Oct 15, 2003 In staging the introduction of the Jeep Treo 'Urban Mobility Vehicle' at the 37th Tokyo Motor Show, Chrysler Group is giving a nod to the cultural environment that is seemingly light years away from Detroit by showing an original anime that has been created for the presentation of the vehicle. And arguably, the three-passenger vehicle is one with an overall futuristic design that is better suited to the Tokyo Show environment than it would have been in Frankfurt or for Detroit next January.
One of the characteristics of anime is exaggeration, particularly of eyes. That is translated in the Treo to the wheels and tires: 19-inch wheels are pushed way out toward the corners of the vehicle: the wheelbase is 2450 mm, the overall length is 3235. It is clear from those numbers alone that the 'wheels out' design approach is taking over at Chrysler. What's more, as this is a Jeep, the fenders are set well above the tires and are bolted onto the side of the vehicle, in keeping with the machine-meets-the-great-outdoors ethos that is characteristic of contemporary Jeeps.
The Treo retains Jeep's nonpatentable-though-distinctive seven-bar grille. It is non functional in this case, as the car is powered by a fuel cell, "or other advanced powerplant of the future". The grille slots serve as a means to let light into the interior. Flanking the grille are large headlamps, in keeping with the anime approach.
But the front lamps are essentially secondary to the rear lamps, which are mounted on spar wings that emerge from the tapered body form. The Treo looks like it could be a vehicle from a very early prequel in the Star Wars saga. The teardrop form seems as though this is something that is destined for the sky rather than the ground or perhaps it could be a stylish lunar module. The lamps also serve as a mount for Jeep Rubicon mountain bikes, which is an interesting idea, but fails to take into account that the vehicle is designed for three people, not two. "Jeep Treo has a form and presence that challenge the brand's traditional dimensions, but in the end, can still be viewed as being authentically Jeep," stated Trevor Creed, Chrysler Group's senior vice president of Design.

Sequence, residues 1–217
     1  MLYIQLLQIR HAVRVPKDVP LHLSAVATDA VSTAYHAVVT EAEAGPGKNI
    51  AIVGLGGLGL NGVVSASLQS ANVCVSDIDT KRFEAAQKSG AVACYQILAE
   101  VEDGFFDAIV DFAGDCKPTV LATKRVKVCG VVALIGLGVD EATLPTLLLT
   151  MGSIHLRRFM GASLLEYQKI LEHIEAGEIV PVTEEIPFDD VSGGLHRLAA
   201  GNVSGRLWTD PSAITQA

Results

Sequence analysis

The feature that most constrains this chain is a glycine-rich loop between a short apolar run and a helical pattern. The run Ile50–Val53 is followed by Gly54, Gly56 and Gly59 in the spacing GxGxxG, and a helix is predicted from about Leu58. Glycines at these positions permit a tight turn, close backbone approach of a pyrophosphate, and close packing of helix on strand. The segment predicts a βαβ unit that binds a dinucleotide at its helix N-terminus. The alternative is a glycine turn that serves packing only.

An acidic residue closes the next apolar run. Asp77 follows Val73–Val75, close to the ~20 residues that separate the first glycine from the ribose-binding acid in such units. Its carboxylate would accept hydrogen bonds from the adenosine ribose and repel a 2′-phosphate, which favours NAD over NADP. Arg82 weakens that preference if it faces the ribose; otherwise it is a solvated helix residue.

Not only is this a fuel cell-powered vision, with electric motors driving both the front and rear wheels for Jeep-style four-wheel drive propulsion, but all of the steering, acceleration, and braking controls are by-wire. The by-wire approach means that conventional fixed mechanisms can be dispensed with. Consequently, the steering wheel and column, pedals, and instrument cluster are all contained in a single module that can be shifted from one side of the vehicle to the other, thereby solving the need for right- or left-hand driving setups.
The seats have carbon fiber frames that are covered with a translucent material. The rear seat (this is a two-by-one seating setup) can be folded down for additional cargo space. The interior achieves a sense of roominess from both the large windshield and from a glass roof at the rear of the vehicle.